Review Summary: Beauty, chaos and everything in between.Ultraviolet
is the Misery Signals album that wasn't supposed to happen. Even coming off of the Malice X
reunion tour in 2014, guitarist Ryan Morgan stated that the band was at a weird point in it’s career where it was likely to disband after the tour. The sense of long sought-after closure portrayed in Yesterday was Everything
did little (besides a few hints) to allow fans to hope in any kind of long-term reunion of the band or creation of new material.
The writing of new material with the original 5 members of the band was first teased in 2016, followed by yearly updates, inching closer and closer to recording for what felt like forever. The distance between members and their different lifestyles had me worried about the writing process for the album. After all, Absent Light
seemed to have been written in a similar fashion, and in my opinion, that was apparent in the final product. Anyway, even mediocre Misery Signals is good metalcore, so I’ll take what I can get. Fast forward 4 years, Ultraviolet
is finally here.
When singles The Tempest
and River King
were released, I was filled with a light sense of dread. They were lacking what I would consider the signature Misery Signals staples. With very few hints of those abrupt melodic riffs that usually set them apart from other metalcore bands, it all seemed very predictable, safe and calculated. And, for the record, it has nothing to do with Zaraska coming back. I would have been happy with either vocalist.
Once I finally pressed play and gave the full record a listen, I found myself constantly jolted with shocks of nostalgia. Each riff slightly reminiscent of a different Misery Signals era. Sunlifter
(previously released as an Absent Light
B-Side 7” with Karl on vocals) sounds like it actually could have been a Mirrors
B-side. Songs such as Old Ghosts
and Cascade Locks
sound like a more mature take on the Of Malice and the Magnum Heart
style of writing, while others like The Fall
showcases the band’s similar kind of patience and control that could be found on some songs from Controller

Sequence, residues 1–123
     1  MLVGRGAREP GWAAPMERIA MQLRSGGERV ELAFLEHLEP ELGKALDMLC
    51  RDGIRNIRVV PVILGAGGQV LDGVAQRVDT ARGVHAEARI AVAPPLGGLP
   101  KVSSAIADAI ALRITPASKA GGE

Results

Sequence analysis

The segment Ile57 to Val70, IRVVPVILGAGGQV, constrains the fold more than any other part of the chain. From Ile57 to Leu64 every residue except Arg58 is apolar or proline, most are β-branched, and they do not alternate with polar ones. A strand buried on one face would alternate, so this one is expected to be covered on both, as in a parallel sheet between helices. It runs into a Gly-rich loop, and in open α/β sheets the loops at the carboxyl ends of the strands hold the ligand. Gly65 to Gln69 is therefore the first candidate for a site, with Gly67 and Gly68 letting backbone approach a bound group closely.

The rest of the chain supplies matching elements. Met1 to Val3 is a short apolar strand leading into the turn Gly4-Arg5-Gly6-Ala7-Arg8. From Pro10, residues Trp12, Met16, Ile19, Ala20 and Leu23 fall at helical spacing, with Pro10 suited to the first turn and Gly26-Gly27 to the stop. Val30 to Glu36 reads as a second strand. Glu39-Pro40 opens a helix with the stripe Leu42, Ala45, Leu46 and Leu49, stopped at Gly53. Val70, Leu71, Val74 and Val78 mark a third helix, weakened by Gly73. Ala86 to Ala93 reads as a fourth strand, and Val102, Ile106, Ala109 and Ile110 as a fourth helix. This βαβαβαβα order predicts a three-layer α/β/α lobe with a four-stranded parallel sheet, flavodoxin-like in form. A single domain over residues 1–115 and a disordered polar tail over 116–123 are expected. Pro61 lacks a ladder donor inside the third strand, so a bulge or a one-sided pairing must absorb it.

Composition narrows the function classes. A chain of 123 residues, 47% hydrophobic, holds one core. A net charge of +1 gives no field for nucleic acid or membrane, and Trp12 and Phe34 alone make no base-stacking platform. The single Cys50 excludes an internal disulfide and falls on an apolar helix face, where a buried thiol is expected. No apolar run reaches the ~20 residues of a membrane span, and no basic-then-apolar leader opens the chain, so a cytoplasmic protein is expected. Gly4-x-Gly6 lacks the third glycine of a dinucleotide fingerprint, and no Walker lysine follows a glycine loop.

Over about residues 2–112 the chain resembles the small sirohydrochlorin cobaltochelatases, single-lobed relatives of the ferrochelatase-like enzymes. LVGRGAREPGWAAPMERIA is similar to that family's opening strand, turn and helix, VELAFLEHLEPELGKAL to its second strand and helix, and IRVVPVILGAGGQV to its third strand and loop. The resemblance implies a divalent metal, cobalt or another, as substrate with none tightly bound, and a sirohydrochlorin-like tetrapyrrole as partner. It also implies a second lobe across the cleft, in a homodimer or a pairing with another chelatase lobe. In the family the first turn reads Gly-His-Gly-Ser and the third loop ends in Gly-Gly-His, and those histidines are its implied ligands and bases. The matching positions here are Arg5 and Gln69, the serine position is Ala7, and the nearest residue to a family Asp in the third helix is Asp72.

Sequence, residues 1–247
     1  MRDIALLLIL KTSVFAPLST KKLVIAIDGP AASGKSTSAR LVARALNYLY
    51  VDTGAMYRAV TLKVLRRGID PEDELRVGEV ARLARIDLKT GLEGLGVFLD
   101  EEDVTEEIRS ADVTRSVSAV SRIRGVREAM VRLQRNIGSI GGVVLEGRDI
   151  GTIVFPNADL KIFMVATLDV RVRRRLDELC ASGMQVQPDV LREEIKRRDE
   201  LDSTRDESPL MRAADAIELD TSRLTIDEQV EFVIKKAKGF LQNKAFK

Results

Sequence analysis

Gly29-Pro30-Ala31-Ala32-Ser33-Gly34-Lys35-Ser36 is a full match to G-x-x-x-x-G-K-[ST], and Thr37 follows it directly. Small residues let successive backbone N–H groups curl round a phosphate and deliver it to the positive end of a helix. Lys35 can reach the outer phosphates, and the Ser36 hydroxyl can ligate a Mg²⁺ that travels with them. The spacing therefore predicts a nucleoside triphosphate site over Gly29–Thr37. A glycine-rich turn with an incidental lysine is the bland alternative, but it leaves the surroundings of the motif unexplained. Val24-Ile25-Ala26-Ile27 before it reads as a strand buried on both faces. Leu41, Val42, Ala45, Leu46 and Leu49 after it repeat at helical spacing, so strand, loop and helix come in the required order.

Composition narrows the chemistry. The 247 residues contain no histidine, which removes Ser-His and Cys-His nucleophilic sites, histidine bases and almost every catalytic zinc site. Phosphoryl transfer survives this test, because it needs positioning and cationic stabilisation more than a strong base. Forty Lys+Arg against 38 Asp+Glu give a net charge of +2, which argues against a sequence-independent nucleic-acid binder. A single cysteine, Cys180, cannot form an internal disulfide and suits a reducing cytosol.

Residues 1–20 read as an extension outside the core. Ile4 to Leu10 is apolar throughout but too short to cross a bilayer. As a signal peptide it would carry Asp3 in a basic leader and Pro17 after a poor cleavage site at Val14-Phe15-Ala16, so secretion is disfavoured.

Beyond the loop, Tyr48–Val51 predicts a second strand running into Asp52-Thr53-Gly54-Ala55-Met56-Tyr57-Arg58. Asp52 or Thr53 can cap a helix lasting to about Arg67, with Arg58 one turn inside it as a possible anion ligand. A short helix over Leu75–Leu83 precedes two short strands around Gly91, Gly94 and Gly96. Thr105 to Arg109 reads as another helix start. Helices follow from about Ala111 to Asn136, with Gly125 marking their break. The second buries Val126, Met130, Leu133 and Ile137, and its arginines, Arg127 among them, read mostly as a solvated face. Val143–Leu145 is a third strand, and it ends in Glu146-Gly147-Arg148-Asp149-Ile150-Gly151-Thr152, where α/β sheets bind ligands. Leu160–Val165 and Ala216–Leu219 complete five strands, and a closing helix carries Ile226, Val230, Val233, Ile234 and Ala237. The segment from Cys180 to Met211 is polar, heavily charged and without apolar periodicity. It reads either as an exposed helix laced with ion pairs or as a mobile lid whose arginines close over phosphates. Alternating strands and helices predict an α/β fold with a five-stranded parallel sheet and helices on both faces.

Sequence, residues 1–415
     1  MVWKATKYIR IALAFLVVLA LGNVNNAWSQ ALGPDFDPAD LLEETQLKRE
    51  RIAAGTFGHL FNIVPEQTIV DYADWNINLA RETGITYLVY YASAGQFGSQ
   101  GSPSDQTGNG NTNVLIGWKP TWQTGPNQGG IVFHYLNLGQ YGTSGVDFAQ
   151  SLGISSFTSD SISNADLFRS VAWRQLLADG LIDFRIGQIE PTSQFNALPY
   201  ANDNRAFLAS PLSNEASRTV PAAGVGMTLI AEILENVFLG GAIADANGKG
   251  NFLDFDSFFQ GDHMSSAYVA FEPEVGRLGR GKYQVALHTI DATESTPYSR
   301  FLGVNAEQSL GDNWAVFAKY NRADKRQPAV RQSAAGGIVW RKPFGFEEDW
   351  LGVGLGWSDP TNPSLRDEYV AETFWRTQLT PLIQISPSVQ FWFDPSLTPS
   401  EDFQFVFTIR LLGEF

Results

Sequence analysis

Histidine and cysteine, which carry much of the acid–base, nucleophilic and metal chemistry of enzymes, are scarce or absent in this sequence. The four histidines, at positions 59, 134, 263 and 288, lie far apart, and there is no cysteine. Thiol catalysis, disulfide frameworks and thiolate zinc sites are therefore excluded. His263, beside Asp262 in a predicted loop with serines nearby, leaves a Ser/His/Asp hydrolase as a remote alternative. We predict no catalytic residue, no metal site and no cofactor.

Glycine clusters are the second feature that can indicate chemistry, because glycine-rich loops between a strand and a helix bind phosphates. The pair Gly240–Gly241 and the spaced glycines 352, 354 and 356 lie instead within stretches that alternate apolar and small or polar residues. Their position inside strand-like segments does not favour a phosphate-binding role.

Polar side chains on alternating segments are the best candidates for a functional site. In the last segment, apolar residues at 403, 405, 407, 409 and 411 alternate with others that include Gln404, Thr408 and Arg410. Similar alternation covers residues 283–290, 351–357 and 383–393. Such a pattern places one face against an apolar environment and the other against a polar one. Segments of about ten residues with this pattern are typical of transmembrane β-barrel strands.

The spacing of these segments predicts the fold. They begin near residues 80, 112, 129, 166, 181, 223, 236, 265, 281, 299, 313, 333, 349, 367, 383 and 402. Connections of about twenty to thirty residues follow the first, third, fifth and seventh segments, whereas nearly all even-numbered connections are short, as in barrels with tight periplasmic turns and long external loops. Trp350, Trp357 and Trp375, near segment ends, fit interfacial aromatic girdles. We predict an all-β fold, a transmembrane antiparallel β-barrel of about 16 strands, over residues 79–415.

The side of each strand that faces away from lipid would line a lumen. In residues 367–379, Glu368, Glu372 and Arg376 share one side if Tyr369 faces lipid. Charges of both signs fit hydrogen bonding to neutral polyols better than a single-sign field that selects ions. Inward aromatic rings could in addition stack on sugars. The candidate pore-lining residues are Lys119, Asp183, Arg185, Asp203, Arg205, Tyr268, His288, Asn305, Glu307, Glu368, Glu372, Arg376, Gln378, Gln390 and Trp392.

. And while it sounds like there might be some leftover Absent Light
riffs or breakdowns scattered throughout the album, Ultraviolet sounds much more cohesive as a whole.
is Misery Signals condensed, focused and concentrated. The guitar work isnt as layered or sporadic as previous releases, which might make some aspects of the record sound a little August Burns Red
or The Ghost Inside
at some points, but all the classic Misery Signatures (see what I did there?) are hidden away in there somewhere.
Ultimately, the shorter length of the album left me wanting more. Songs such as [i]Redemption Key[i] would have benefited from being a little more fleshed out, as I feel there was still lasting potential when the song ended abruptly. I’ve also taken the liberty of re-arranging the tracks in my iTunes so that Though Vales of Blue Fire
opens the album, because let’s face it, that’s where it should be.
Here I stand, my worries crushed. After 6 years of hoping, waiting and wondering every day when my favourite band would finally release music that could make me feel this again. And while I dont think the album’s full potential was reached, I am once again reminded that Misery Signals stand out because their music blurs the lines of beauty, chaos and every sound in-between. But this time, it’s all very calculated.